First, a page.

The Spectacular Now

© 2013 Ray Wong

Coming of age movies are hot now, especially ones that have the pedigree of being adapted from a popular novel, such as last year's The Perks of Being a Wallflower. Tim Tharp's The Spectacular Now rather falls in the same category but with an utterly different protagonist and a central love story that is both sweet and haunting.

Sutter (Miles Teller) is a popular teenager who strives to live in the moment without plan thoughts on his future. A senior, he hasn't even applied for college yet and has no idea whether he would even graduate high school. But life is good with girlfriend Cassidy (Brie Larson) until a misunderstanding gives her a reason to break up with him and hook up with class president Ricky (Masam Holden).

Distraught, Sutter gets drunk and meets Aimee (Shailene Woodley) a sweet but average girl who goes to the same school as Sutter. Normally Sutter would not even look at someone like Aimee, but being in a tough spot of having just been dumped, Sutter becomes intrigued by Aimee, who is unlike any girl he's ever known. His strange urge to want to help Aimee come out of her shell eventually turns into affection for her -- she is, of course, already smitten with the popular yet previously unavailable Sutter.

But a rebound cannot end well. Sutter knows that and believes Aimee will forget about him soon enough. As Aimee falls deeper and deeper in love with him, Sutter becomes frightened of his own deepening feelings for the girl, and he starts to avoid her. At home, Sutter is also dealing with his own demon, a desire to try to locate and find his father (Kyle Chandler), who has abandoned the family since Sutter was a very young boy. To know who he is, Sutter desperately needs to know his father, as he's convinced that he is his father's son.

Miles Teller (Footloose) first burst into the business with his outstanding role in Rabbit Hole. Reminding us of a young Shia LaBeouf, Teller is a strong talent. He plays the complicated Sutter with an internal sweetness that we can't stop rooting for him even though he often acts like an irresponsible jerk. Sutter handles his aloof scenes just as well as he did with his emotional ones. Shailene Woodley (The Descendants) was amazing in the Descendants. Here, she plays an utterly different character as the sweet, naive, smart but passive Aimee who is smitten with a boy who is not good for her.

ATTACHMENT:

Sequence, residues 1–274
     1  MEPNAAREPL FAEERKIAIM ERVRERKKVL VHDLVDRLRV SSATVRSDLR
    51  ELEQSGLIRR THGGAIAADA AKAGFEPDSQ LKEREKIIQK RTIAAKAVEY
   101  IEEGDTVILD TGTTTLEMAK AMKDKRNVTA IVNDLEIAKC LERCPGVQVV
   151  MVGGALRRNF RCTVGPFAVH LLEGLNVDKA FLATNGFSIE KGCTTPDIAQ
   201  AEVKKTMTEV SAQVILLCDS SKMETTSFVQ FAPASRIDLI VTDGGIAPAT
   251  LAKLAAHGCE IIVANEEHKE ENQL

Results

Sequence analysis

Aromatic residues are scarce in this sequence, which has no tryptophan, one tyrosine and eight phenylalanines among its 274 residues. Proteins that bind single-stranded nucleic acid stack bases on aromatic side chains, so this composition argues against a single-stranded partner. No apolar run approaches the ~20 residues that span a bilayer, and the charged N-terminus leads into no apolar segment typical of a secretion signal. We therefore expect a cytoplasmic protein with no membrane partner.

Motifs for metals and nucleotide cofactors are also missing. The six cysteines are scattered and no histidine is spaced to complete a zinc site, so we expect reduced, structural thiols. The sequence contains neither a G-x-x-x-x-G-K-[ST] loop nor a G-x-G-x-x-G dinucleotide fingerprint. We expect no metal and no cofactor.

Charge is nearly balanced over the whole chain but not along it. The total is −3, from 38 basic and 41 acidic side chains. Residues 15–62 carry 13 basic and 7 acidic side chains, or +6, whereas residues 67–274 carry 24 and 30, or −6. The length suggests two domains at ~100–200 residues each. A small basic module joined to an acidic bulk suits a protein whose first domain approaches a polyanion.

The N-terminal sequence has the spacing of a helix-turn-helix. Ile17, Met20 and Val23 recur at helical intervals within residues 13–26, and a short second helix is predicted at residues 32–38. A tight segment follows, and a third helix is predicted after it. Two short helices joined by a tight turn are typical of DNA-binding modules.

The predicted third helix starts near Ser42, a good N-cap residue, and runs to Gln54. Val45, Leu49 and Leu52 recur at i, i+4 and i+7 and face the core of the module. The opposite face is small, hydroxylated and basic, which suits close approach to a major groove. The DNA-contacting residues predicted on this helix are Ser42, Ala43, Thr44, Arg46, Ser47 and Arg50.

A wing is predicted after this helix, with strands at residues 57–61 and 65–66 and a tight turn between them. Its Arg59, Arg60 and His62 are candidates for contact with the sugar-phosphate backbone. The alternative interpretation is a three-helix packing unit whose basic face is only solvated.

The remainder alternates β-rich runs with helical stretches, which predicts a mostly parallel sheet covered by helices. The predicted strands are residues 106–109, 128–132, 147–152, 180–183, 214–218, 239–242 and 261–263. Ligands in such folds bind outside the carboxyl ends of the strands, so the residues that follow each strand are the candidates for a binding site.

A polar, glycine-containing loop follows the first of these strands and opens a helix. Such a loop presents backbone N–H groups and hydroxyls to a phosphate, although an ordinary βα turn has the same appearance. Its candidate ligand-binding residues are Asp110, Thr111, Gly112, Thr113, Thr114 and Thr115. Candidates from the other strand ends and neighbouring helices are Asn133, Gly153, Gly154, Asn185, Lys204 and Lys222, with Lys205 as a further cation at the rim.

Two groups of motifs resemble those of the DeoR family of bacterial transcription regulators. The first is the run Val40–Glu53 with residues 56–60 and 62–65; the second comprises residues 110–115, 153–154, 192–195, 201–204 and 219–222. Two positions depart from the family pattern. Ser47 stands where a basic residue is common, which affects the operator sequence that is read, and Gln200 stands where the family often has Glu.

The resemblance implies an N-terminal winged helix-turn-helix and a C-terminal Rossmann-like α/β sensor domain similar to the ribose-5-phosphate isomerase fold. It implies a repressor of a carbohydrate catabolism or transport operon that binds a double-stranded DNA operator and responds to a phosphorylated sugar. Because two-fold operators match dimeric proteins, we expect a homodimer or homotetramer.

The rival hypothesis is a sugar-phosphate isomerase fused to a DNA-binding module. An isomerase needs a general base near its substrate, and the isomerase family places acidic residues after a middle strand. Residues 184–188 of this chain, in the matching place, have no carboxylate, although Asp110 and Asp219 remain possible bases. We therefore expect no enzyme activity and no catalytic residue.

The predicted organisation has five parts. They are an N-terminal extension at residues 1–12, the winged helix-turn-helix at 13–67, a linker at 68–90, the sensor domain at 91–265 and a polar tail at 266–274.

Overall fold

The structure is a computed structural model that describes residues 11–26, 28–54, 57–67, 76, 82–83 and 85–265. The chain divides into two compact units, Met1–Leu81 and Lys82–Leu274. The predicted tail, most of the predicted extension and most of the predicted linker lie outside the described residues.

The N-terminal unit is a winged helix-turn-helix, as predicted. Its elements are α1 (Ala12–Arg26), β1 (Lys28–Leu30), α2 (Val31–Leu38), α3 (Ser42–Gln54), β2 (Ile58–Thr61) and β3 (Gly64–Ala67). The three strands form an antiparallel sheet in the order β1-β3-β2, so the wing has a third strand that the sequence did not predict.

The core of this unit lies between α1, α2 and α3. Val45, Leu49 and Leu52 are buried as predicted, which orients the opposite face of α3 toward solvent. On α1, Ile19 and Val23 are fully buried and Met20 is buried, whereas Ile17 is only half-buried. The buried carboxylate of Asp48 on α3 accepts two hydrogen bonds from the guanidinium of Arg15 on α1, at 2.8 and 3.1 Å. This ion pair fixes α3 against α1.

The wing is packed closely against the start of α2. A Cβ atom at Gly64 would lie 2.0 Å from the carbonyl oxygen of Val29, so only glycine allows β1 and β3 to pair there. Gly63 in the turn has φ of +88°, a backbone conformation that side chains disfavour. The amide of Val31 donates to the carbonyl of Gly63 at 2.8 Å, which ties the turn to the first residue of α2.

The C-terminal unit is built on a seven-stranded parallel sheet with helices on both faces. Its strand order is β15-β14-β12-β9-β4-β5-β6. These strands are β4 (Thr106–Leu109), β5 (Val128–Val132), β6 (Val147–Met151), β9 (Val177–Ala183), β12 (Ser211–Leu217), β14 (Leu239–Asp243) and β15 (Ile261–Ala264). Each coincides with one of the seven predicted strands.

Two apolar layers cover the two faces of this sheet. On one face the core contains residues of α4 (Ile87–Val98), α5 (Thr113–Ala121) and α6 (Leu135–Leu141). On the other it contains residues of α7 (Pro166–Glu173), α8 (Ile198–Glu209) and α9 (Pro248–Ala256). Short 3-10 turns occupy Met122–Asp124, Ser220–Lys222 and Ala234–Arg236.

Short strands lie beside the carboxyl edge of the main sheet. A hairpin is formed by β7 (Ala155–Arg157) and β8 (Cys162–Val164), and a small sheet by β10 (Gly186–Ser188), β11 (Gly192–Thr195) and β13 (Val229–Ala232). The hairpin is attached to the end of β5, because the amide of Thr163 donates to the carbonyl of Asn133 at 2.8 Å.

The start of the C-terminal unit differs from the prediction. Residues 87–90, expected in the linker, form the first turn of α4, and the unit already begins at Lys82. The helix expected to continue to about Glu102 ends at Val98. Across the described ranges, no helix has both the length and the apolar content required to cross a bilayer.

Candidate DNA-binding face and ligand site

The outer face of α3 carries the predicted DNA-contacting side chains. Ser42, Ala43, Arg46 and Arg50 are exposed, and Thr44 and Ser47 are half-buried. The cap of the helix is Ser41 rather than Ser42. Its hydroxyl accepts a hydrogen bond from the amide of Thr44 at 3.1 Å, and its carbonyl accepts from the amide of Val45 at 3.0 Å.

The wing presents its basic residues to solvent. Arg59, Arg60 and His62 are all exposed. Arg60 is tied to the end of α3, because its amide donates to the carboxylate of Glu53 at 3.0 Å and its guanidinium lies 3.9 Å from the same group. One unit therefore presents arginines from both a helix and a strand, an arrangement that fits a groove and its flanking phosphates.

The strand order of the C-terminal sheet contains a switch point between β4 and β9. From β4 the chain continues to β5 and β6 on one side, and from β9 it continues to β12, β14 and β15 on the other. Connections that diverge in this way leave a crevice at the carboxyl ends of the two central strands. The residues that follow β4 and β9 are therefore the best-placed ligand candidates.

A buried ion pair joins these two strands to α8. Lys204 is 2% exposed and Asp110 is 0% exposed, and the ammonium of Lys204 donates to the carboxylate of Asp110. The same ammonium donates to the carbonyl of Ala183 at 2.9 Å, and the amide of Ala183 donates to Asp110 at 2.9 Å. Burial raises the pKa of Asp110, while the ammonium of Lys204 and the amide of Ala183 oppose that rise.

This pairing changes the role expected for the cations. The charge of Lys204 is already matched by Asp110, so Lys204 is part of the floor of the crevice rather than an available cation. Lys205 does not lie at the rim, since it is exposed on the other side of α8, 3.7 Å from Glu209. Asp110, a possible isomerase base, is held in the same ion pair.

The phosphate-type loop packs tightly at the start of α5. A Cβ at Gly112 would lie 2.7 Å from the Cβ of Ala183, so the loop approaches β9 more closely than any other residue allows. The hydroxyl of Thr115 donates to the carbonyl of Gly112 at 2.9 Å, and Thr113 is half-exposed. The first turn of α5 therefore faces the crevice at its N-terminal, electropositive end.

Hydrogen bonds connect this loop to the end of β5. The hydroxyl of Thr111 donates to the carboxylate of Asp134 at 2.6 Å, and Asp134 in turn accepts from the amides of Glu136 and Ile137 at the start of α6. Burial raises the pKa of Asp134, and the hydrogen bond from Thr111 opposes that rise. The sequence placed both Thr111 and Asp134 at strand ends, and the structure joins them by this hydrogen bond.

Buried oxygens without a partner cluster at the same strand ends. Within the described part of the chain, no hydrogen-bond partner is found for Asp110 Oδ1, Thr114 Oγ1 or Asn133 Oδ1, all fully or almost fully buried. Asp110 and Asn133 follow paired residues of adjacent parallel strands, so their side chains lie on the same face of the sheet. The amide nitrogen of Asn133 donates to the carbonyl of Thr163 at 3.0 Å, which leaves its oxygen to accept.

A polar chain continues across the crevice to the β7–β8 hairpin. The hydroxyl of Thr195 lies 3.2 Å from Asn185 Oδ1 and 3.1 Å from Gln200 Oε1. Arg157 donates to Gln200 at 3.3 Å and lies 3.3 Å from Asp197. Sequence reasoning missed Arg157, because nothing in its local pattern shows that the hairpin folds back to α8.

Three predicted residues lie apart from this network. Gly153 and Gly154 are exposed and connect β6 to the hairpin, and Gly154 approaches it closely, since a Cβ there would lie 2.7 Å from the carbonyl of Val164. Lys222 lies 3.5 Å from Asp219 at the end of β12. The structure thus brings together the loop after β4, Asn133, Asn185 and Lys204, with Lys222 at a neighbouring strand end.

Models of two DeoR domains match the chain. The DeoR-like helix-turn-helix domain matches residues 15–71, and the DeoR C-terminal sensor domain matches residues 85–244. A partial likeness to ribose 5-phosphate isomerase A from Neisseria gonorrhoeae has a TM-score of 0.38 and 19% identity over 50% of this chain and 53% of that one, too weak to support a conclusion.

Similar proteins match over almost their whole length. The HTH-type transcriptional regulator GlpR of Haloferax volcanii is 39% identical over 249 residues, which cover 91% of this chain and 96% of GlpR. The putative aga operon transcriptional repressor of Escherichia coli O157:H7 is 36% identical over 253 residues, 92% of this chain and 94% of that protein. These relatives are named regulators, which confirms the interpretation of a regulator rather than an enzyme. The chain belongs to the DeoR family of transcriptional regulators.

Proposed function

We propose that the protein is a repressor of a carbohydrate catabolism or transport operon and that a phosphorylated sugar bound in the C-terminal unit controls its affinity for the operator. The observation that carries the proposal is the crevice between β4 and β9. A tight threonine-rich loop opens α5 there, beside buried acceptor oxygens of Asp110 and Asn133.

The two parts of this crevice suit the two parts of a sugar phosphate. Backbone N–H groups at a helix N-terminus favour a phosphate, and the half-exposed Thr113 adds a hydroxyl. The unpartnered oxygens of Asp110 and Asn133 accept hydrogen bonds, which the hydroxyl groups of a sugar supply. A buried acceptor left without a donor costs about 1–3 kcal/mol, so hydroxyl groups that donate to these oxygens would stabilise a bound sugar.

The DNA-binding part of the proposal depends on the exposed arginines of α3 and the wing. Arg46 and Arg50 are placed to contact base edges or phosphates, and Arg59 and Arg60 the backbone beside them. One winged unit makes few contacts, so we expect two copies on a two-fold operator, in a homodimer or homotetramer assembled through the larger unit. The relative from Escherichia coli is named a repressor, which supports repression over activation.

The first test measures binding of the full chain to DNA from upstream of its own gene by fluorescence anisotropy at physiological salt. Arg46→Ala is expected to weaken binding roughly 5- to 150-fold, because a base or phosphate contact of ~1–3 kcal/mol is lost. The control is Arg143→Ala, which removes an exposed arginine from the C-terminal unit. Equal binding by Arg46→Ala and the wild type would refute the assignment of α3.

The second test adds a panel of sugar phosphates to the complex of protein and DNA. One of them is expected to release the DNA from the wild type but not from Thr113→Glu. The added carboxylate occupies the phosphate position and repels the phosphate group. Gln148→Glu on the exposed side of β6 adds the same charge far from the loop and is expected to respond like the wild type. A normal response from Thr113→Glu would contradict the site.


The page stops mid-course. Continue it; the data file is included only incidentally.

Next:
Brie Larson (Don Jon) is sparkly and beautiful as Cassidy, the objective of Sutter's affection. Masan Holden (Forgotten Pills) has a brief but effective role as Sutter's best friend. By far the most recognizable stars of the movie are Kyle Chandler (Zero Dark Thirty) and Jennifer Jason Leigh (The Moment) as Sutter's estranged parents.

Adapted by Scott Neustadter ((500) Days of Summer) and Michael H. Webber ((500) Days of Summer), the screenplay stays true to the tone and dialogue of Tharp's YA novel. Neustadter and Webber are no strangers to stories about young love, and they deliver the central love story between Sutter and Aimee with great realism and sensibility. We have a feeling that Sutter is on a rebound and that Aimee should not fall in love with him and get hurt, and yet we also root for them to find themselves as they are good for each other (well, not all the time). The writers handle the "bad boy/good girl" story with delicate balance without being cliched and overwrought. The back and forth dance between the two leads is interesting to watch.

That said, the screenplay is not without flaws. The references to alcoholism and the reveal of Sutter's father are rather heavy-handed. The "father issue" subplot also feels somewhat out of place, even though it helps explain Sutter's character and his eventual awakening. Still, the subplot at times feels like a different movie, and would have benefited with more screen time and development for Chandler's and Leigh's characters.

Still, under James Pondsoldt's (Smashed) deft direction, the movie has a down to earth quality to it that grounds the sometimes obnoxious characters and storyline. Pondsoldt understands the material, and he keeps it real for the better part of the movie. The result is a likable summer sleeper about teen love and growing up. It may not be the most spectacular thing you see this summer, but go see it NOW anyway.

Stars: Miles Teller, Shailene Woodley, Brie Larson, Masam Holden, Kyle Chandler, Jennifer Jason Leigh
Director: James Ponsoldt
Writers: Scott Neustadter, Michael H. Weber (based on novel by Tim Tharp)
Distributor: A24
MPAA Rating:  R for alcohol use, language and some sexuality involving teens
Running Time: 95 minutes


Script - 8
Performance - 8
Direction - 7
Cinematography - 7
Music/Sound - 8
Editing - 7
Production - 8

Total - 7.8 out of 10.0 

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